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College Expenses: Child Support Past Age 18

Posted on in College Expenses

DuPage County child support lawyersIn most cases, a parent’s child support obligations end when the child turns 18 years of age. However, there are some occasions where a parent may be required to contribute to their child’s expenses and upkeep even after the child reaches majority. The most common occasion is when college comes into question, but others exist.

What Should Be Covered?

The Illinois Marriage and Dissolution of Marriage Act discusses the situations in which non-minor child support may be awarded by the court during a divorce proceeding or at a later date. The court may order support for an adult child who is mentally or physically disabled and will require an elevated level of care for the foreseeable future or for the educational expenses for a minor or non-minor child. While the care of a disabled child is a fairly straightforward endeavor, the question of what constitutes “educational expenses” and who should pay them can get quite complex.

The definition of education expenses that has been adopted by the Illinois courts is a fairly wide-ranging one, including not only tuition and room and board, but also things like medical expenses and travel (if required). The courts rationalize that without any one of these, it may become impossible to attend higher education in a reasonable manner. There are very few expenses that the courts have not ruled to be integral to studying higher education - however, the minimum is generally held to be sufficient. For example, if a college student needs to fly back to school at the beginning of the school year, they may do so, but paying for a first-class ticket is not required.

Who Should Pay?

In terms of who should pay, the recent trend has been to split costs equally. However, Illinois courts will take into account all the assets of each parent in determining an appropriate division, and will usually not make an impoverished parent pay the same share as a wealthy one. The court will also consider the needs of each parent, including those associated with retirement. There are even instances where the court will hold a child responsible for part of the expenses themselves if the child is able, either through scholarships and grants or his or her own resources.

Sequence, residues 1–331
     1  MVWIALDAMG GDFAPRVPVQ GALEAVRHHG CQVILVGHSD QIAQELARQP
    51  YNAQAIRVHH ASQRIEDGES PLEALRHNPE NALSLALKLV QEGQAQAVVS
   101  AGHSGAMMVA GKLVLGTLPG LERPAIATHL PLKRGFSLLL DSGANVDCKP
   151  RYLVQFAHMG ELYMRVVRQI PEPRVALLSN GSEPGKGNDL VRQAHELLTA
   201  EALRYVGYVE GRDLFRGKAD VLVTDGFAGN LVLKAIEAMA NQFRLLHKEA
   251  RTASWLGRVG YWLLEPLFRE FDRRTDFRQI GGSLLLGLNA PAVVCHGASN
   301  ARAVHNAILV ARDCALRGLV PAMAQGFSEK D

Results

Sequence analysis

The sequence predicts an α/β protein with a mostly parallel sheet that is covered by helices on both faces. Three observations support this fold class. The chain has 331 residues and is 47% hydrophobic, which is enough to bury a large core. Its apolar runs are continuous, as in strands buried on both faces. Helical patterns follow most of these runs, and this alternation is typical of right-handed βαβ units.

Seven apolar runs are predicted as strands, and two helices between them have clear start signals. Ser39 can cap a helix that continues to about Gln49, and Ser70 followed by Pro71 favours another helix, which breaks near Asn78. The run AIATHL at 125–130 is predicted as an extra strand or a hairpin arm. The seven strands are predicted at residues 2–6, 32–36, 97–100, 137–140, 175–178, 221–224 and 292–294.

Seek Experienced Assistance

If you are a divorced parent of a college-bound student, it is important to understand your potential obligations. Contact an experienced DuPage County family law attorney to discuss your case today. We will work with you every step of the way to come up with a plan designed to give you the highest chance of reaching a fair settlement, and to give your children the best chance to excel at school. Call 630-352-2240 for a confidential consultation.

Source:

http://www.ilga.gov/legislation/ilcs/ilcs4.asp?DocName=075000050HPt%2E+V&ActID=2086&ChapterID=59&SeqStart=6100000&SeqEnd=8350000

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